D.  Caps/Quotas

Unlike in the agriculture and construction sectors where the number of foreign workers that can obtain worker visas is limited by a clear quota, there are no quotas limiting the number of visas that can be issued for foreign workers in the nursing care sector.  Where applicable, quotas are determined by the government.[33]

E.  Linkage Between Sectors of Employment and Economic Conditions

As explained above, foreign worker visas are issued based on employment permits that are provided to employers in accordance with criteria that take into account “characteristics of the labor market in the different labor sectors and geographic locations.”[34]

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V. Admission Status of Family Members

Children of foreign workers are generally not allowed to stay in Israel after the expiration of their tourist visas.  A temporary resolution adopted by Prime Minister Binyamin Netanyahu’s government on August 1, 2010,[35] granted permanent resident status to children of migrant workers who at that time, among other conditions,[36]

  • had lived in Israel for at least five consecutive years,
  • spoke Hebrew, and
  • arrived in Israel before they were thirteen years old.

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Prepared by Ruth Levush
Senior Foreign Law Specialist and Project Coordinator
February 2013



[1] Law of Return, 5710-1950, 4 Laws of the State of Israel [LSI] 114 (5710-1949/50), as amended.

[2] Olim are immigrants under the Law of Return.

[3] Entry into Israel Law, 5712-1952, 6 LSI 159 (5712-1951/52), as amended.

[4] Bianca Ambrosio & Jonathan Kahan, Op-ed, Immigration Policy, Now, YNET (June 26, 2012), http://www.ynetnews.com/articles/0,7340,L-4246428,00.html.

[5] Id.

[6] Foreign Workers Law, 5751-1991, Sefer HaHukim [SH] [Book of Laws, Official Gazette] No. 1349, p. 112.

[7] Entry into Israel Law § 2(c) (referring to the definition in the Foreign Workers Law §1L) (translation by author, R.L.).

[8] Foreign Workers Law § 1.

[9] Id. § 1B.

[10] Entry into Israel Law § 2(c); Foreign Workers Law § 1M(a).

[11] Foreign Workers Law § 1M(a).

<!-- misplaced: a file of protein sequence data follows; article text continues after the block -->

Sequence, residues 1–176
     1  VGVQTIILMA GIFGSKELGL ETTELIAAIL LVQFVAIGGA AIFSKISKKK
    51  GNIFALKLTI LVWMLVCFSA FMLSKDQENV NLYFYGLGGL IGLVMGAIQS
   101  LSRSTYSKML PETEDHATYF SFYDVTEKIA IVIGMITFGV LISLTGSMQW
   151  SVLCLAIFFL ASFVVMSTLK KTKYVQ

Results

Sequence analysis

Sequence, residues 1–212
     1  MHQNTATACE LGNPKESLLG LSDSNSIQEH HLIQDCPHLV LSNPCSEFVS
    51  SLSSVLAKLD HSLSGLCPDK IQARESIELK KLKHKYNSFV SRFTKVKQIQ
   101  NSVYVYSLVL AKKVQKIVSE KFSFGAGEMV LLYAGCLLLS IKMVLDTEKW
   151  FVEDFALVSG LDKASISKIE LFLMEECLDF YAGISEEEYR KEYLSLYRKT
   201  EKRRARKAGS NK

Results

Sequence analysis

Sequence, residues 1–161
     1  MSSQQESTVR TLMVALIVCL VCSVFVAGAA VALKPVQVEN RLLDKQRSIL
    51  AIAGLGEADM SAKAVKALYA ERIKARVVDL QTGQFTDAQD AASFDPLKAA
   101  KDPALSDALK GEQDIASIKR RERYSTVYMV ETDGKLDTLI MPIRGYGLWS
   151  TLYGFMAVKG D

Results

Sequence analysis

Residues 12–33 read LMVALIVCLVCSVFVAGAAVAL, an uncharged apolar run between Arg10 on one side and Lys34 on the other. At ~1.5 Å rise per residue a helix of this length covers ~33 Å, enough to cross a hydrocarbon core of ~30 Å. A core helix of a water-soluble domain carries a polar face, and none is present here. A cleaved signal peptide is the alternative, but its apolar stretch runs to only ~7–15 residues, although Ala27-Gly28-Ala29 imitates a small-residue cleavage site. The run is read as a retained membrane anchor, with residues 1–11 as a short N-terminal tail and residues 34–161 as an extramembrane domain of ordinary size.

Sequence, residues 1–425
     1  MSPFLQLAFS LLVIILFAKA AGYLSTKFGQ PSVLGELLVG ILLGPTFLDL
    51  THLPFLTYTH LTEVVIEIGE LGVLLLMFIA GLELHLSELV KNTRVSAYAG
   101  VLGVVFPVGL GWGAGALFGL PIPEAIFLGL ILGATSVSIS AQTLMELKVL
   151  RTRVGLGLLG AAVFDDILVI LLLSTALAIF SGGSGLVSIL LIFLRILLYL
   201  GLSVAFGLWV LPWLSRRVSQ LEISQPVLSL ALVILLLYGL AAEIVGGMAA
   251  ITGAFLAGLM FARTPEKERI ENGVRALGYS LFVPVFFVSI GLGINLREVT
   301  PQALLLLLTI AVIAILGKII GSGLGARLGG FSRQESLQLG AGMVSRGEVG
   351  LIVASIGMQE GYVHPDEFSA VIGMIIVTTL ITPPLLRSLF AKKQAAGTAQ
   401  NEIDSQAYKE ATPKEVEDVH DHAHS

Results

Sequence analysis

[12] Id. § 1M(b).

[13] Guide for Migrant Workers, Israel Government Portal, http://www.gov.il/FirstGov/TopNavEng/Eng Situations/ESMigrantWorkersGuide/ESMWGComing/ (last visited Feb. 20, 2013).

[14] Foreign Workers Law § 1N(1).

[15] Id. §1 J.

[16] Guide for Migrant Workers, supra note 13.

[17] Foreign Workers’ Rights at Work Handbook – Rights Under Labor Laws, Ministry of Industry, Trade and Labor, http://www.moital.gov.il/NR/exeres/C95B7D30-1105-47C7-85D8-17B26C284C31.htm (last visited Feb. 21, 2013).

[18] Id.

[19] Foreign Caregivers–Information Sheet Regarding New Employment System, Ministry of Industry, Trade and Labor (Feb. 2, 2009), http://www.tamas.gov.il/NR/exeres/457B4A53-40EE-47A0-B5A9-3EC0BC386D78.htm.

[20] Id.

[21] Guide for Migrant Workers, supra note 13.  For further information about the HSCFWRW, see A Note from the Head of the Section, Ministry of Industry, Trade and Labor, http://www.moital.gov.il/NR/exeres/6E253665-892F-4453-9198-ED8BC963D7E8,frameless.htm (last visited Feb. 21, 2013).

[22] Foreign Workers Law ch. D3.

[23] Guide for Migrant Workers, supra note 13.

[24] Entry into Israel Law §§ 2(3) & 3(3).

[25] Id. § 3A.

[26] Id. § 4.

[27] Foreign Workers Law § 6A.

[28] Foreign Workers (Transfer of a Foreign Worker among Employers that are Manpower Companies in the Construction Sector) Regulations 5776-2006, Kovetz Hatakanot (Subsidiary Legislation) 5776 No. 6477, p. 735.

[29] Id. § 2.

[30] Id. § 3.

[31] H.C. 4542/02 Kav LaOved v. Israel’s Government ¶ 62 (decision rendered Mar. 30, 2006), State of Israel: The Court Authority, http://elyon1.court.gov.il/files/02/420/045/O28/02045420.o28.pdf.

[33] Gilad Natan, Non-Israelis in Israel (Foreigners, Refugees, Infiltrators and Asylum Seekers), Status Report, 2010–2011, at 2, (Knesset Information and Research Center, Dec. 13, 2011), http://www.knesset.gov.il/ mmm/data/pdf/m02986.pdf (in Hebrew).

[34] Foreign Workers Law § M.

[35] Temporary Arrangement for the Grant of Status to Children Who Stay Illegally, Their Parents and Siblings Who Stay in Israel, Prime Minister’s Office (Aug. 1, 2010), http://www.pm.gov.il/PMO/Archive/Decisions/ 2010/08/des2183.htm (in Hebrew). 

[36] Frequently Asked Questions, Guide for Migrant Workers, Israel Government Portal, http://www.gov.il/ FirstGov/TopNavEng/EngSituations/ESMigrantWorkersGuide/ESMWGFaq/ (last visited Feb. 21, 2013).

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Last Updated: 09/16/2014